When your company provides crucial services to your customers you’ve become a dependency to them. Without abusing it, it’s revenue security. It’s why repeat business and any “value-add” service is the top choice of business owners (and buyers).

On the other hand, if you are the reason one of your suppliers has customer concentration issues you have some leverage (as long as there are other suppliers). This one is easy to abuse. I remember in grad school learning about how Sears would become the highly-dominant customer of mid-sized businesses and use that to buy the company, and not at what the price would be if they weren’t so dominant.

While I “preach” about the evils of dependencies, if you’re the dependency it can be a good thing.

What Drives Business Sellers

I was recently asked if money was the top issue for business sellers (once they’re motivated to sell). My answer was it’s one of the top three, which are (in alphabetical order):

  • Employees
  • Legacy (including taking care of customers)
  • Money

Every owner/seller has different priorities, like we all do when it comes to business and life. There are reasons we stay at our job, leave our job (usually it’s the boss not the company), start, keep, buy, or sell a company.

It’s a rare business owner who doesn’t mention how important the employees keeping their jobs is to the deal. It’s why in all my books (including the upcoming, Company Growth by Acquisition Makes Dollars & Sense) have a diagram of the three-legged stool demonstrating how the buyer, seller, and the employees all want job retention but fear one of the other parties will kick a stool leg out.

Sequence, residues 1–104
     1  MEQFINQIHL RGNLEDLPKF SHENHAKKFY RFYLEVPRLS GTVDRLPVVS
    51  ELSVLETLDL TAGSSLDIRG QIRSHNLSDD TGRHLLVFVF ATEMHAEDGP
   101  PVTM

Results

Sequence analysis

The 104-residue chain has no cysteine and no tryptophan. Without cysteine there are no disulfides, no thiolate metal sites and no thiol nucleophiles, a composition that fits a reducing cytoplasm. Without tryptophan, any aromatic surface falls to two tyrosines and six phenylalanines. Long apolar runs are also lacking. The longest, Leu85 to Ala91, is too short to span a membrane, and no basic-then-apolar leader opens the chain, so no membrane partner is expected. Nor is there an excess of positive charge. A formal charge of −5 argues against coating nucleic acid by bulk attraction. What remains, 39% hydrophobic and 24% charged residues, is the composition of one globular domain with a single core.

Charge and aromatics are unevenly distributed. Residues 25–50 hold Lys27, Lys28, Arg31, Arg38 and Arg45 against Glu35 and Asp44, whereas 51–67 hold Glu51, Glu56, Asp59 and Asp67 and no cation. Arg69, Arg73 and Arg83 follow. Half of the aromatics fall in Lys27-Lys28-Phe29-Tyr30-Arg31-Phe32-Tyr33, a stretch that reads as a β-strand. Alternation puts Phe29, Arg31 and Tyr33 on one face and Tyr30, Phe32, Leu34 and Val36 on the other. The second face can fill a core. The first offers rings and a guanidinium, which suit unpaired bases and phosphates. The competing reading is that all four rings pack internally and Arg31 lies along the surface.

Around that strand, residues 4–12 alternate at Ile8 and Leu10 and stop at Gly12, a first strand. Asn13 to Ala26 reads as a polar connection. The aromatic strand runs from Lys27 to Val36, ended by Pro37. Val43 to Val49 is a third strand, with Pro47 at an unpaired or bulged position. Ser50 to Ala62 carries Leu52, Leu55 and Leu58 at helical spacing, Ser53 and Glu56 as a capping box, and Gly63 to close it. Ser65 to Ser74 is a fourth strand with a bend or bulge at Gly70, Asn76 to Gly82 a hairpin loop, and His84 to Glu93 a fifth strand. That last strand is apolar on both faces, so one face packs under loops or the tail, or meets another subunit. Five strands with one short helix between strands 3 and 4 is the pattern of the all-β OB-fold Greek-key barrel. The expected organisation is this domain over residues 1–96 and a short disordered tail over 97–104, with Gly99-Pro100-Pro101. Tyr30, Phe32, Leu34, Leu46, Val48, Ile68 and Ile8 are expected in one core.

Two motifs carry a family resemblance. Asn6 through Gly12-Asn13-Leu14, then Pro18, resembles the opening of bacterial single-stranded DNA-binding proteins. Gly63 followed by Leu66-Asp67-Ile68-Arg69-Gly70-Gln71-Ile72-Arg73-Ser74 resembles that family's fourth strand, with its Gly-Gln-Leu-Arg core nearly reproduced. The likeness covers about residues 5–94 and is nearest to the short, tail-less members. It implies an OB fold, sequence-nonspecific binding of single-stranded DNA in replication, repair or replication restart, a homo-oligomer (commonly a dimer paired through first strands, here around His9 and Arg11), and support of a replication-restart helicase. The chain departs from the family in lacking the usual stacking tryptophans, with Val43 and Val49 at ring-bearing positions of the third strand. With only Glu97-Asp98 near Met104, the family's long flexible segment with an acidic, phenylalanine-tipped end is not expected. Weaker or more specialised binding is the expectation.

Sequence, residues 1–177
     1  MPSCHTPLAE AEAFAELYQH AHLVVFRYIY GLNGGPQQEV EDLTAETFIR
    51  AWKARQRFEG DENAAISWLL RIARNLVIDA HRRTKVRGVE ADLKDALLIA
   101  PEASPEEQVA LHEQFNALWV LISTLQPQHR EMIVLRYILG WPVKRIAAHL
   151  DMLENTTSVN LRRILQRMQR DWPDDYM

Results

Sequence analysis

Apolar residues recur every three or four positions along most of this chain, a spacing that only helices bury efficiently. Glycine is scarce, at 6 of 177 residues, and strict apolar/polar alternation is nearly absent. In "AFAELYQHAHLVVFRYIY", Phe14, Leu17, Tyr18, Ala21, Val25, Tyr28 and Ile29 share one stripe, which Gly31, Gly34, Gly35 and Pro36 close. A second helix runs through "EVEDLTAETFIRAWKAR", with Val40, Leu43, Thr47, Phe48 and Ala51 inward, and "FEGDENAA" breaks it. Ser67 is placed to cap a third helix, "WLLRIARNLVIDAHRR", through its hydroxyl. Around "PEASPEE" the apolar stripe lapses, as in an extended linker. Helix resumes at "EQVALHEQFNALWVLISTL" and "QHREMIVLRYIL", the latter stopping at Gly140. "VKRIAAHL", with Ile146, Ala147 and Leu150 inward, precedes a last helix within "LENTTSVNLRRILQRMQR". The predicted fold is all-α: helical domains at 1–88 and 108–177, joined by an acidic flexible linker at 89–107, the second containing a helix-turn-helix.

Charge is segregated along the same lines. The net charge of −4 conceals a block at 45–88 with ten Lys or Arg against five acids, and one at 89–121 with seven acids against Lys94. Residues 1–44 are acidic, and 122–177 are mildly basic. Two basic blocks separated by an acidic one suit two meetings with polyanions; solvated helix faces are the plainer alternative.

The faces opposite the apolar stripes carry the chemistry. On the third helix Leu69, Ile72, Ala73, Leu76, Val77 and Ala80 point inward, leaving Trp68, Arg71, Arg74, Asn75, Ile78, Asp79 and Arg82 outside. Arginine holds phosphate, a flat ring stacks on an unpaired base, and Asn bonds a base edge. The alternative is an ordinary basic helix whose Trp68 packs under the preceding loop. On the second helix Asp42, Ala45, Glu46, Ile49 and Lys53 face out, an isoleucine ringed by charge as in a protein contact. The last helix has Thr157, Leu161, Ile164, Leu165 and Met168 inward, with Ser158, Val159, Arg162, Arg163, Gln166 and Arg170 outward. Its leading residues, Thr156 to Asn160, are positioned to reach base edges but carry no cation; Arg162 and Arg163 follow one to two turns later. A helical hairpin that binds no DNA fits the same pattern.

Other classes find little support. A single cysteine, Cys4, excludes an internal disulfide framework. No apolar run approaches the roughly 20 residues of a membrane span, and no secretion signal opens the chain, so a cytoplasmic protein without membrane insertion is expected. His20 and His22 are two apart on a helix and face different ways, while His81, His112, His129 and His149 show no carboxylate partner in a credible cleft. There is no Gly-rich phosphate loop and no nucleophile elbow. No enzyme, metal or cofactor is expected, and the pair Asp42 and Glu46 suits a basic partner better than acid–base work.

Customers are almost as key. I’ve had owners tell me how they don’t want their competitors serving “my customers.” This is legacy. The business grows, the customers are happy, and the employees are happy.

Money is obviously important and at the same time I’ve worked on numerous deals where the seller sells for less (than they could have or less than other offers) because it’s the right buyer. The flip side also happens, buyers pay a little more because they know what they can do with the business and don’t want to lose the deal over money. As a private equity person told me years ago, “If we pay four times EBITDA and it doesn’t grow it’s a bad deal. If we pay seven times and it grows like we want it to, it’s a great deal.”

If you have any other important priorities for sellers let me know.

“If your dreams do not scare you, they are not big enough.” Ellen Johnson Sirleaf